THE Woodlark basin/D'Entrecasteaux Island region off northeast Papua New Guinea (Fig. 1) offers a rare glimpse of the propagation of active rifting and continental breakup(1) into orogenically thickened (and subsequently extended) lithosphere(2-10). Rifting, continental breakup, and the subsequent formation of oceanic lithosphere by sea-floor spreading often involve rupture controlled by propagation of a rift tip(11-20). We recognize several tectonic elements in the evolving western Woodlark intracontinental system that are close geometric analogues of wholly oceanic propagators, and a kinematic development that can be viewed as an extrapolation of oceanic tectonics. The response to deformational stresses in the final stages of breakup in a thick, relatively hot, and hence weak continental lithosphere appears akin to that of oceanic lithosphere.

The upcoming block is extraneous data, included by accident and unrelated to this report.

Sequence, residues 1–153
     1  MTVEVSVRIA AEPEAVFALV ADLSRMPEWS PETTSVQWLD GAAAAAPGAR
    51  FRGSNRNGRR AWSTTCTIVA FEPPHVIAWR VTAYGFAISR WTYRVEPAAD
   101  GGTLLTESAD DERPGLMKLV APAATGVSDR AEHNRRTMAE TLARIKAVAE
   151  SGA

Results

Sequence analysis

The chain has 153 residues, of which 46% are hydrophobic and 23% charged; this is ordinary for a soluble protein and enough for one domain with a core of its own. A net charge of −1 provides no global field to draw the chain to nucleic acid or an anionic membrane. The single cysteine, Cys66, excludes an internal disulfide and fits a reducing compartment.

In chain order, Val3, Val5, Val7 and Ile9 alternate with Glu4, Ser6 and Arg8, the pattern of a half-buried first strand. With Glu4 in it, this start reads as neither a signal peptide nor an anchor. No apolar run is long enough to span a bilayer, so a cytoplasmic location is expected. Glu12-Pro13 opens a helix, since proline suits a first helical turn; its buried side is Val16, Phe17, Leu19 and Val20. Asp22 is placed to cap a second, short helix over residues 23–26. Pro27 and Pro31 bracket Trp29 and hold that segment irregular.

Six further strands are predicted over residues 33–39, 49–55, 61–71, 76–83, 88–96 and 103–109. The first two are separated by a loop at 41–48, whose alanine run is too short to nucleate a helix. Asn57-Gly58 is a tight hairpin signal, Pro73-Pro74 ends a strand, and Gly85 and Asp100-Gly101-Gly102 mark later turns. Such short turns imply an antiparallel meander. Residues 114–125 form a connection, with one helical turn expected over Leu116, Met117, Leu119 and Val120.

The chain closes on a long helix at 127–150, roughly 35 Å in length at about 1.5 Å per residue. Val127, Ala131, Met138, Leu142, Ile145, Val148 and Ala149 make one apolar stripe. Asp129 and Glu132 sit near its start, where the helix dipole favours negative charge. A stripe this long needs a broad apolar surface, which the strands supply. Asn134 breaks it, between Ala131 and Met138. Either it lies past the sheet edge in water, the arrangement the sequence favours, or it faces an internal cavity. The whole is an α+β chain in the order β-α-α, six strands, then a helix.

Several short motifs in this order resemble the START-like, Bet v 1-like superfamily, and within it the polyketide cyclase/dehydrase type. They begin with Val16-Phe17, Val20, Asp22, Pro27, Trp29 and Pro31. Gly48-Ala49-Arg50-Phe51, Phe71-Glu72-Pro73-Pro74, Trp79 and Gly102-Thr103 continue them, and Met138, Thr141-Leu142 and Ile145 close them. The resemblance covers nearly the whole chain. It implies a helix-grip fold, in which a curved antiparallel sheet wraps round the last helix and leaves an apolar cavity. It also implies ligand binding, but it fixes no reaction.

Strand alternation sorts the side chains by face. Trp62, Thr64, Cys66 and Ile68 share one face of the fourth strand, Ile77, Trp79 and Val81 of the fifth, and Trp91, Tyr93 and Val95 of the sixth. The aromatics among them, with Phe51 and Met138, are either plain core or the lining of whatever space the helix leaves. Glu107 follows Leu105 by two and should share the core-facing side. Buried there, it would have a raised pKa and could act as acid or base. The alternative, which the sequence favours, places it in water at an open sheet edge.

Uc379Times Cited:13Cited References Count:31